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Working from home

May 13th, 2020 · Posted by Skuds in Life/Technology/Work · No Comments · Life, Technology, Work

For the last few months, like anybody else who is able to, I have been working from home. It hasn’t actually been a massive adjustment because I had only just got used to being back in the office full-time after either being on post-operrative sick leave or because of an immune system suppressed through chemotherapy self-isolating before it became fashionable.

The difference is that I had previously been working from home a lot, but popping into work every now and then even if only for the important meetings. It is only a 5-minute walk into work so perfectly feasible to go in for just an hour or evne just 5 minutes to pick something up. It turns out that the difference between being at home 95% of the time and 100% of the time feels like a lot more than 5%

Because I have a vulnerable status and because my employers seem to take a more hands-on approach to my welfare than the government, I was effectivelty banned from the workplace even before the lockdown came into force. Technically and physically I have been well-prepared. I have a proper workspace with a proper chair. I have a proper large monitor for the work laptop and a decent keyboard and mouse. I even have some cat-6 cable run through from the router so I don’t have to rely on wifi. Most importantly I have a door I can close. I am probably more DSE-compliant than some people are in their official workplace.

On top of that, I do not have children still around so no interruptions or home-schooling requirements. Jayne is at home, on furlough, but keeps herself busy with World of Warcraft, Netflix or expeditions to the supermarket while I am at work.

Despite all that it still gets a bit lonely. I was surprised how much I have missed having contact with colleagues because I have always considered myself to be a miserable, anti-social so-and-so.

There have been phone calls and some video conferences, which have made me realise how lucky I am when I see that colleagues are having to work on a laptop at the kitchen table, sitting on a hard kitchen chair and with distractions like hoovering and kids.

All of which brings me to the point.

There is talk of how this is all going to lead to more working from home in the long term. I’m sure that is true, but it is not going to mean that lots of people will do it full-time, or even want to. Even with my nearly ideal circumstances I feel that it is good to be able to work from home, but I wouldn’t want to do it all the time, I can only imagine what it is like for anybody in a small flat, especially if they are flat-sharing with others who also need to work. As for kids, I may not have any here but they still disrupt video calls I am on.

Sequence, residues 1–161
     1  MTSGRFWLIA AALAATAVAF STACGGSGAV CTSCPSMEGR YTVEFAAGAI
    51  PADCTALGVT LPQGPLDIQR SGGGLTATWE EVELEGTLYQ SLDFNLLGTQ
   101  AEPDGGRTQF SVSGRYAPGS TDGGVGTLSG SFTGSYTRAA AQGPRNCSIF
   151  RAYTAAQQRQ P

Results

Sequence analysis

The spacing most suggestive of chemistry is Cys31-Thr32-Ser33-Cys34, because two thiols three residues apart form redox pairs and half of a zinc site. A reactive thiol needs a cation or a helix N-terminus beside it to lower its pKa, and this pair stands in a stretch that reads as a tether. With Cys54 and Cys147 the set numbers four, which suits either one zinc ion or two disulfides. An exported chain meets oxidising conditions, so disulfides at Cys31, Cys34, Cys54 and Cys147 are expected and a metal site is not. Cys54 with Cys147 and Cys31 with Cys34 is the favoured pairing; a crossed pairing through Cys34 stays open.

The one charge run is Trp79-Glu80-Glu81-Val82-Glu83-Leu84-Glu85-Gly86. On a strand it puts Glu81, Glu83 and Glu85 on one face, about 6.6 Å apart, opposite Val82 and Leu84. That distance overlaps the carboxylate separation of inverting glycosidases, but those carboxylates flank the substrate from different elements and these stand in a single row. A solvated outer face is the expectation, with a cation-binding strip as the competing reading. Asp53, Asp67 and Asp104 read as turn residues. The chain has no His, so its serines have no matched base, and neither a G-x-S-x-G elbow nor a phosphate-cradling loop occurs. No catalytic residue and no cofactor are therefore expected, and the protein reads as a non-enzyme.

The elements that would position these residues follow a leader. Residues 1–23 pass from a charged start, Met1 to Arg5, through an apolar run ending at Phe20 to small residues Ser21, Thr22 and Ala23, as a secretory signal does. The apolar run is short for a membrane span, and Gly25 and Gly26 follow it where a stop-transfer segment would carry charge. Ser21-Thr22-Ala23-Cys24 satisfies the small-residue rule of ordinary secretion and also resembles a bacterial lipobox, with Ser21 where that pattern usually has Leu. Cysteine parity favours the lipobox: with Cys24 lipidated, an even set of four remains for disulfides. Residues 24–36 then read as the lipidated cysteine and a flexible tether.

One advantage I am not getting is the extra time saved by not commuting, because I don’t have much of a commute anyway. I can see how those who have enjoyed a break from spending a couple of hours each day in traffic or on trains would find it hard to go back to all that.

I find myself wondering whether our current model of having thousands of people travel into London every day is going to change a lot. That does not necessarily mean everybody working from home, because that just isn’t feasible with the current housing situation. It might mean that companies will move away from big HQ buildings with 10,000 people in them and have more satellite sites outside the big cites, maybe even outside the South East. Apart from anything, those big HQs will not fit everybody in if they have to put the desks further apart.

It could even be an opportunity for places like Crawley to attract some of those companies. With the big hit we are going to take due to the massive impacts on aviation and retail, which are two of the large employment sources here, we need to diversify a bit. Apart from anything, a lot of those who are travelling in to London every morning are travelling from here. I’m sure they would happily swap a one hour each way commute (on a very good day) with a £5000 a year cost, for a journey they could make by bike or on foot, or on a local bus.

If I was one of those companies that are managing or building large office blocks on Manor Royal or the town centre I reckon I would be starting to knock on a few doors of big London-based companies (or government departments or NGOs) now, to offer them space at a fraction of what they are paying in the city or in Docklands.

Some people might be looking at the office space we have here, thinking that it is a white elephant that will rendered obsolete by home working, but it could instead become a lifeline for a town that is otherwise over-dependent on a troubled industry if we can market it properly as an alternative to class-action suits from homeworkers crippled by spending 8 hours a day on non-compliant kitchen chairs!

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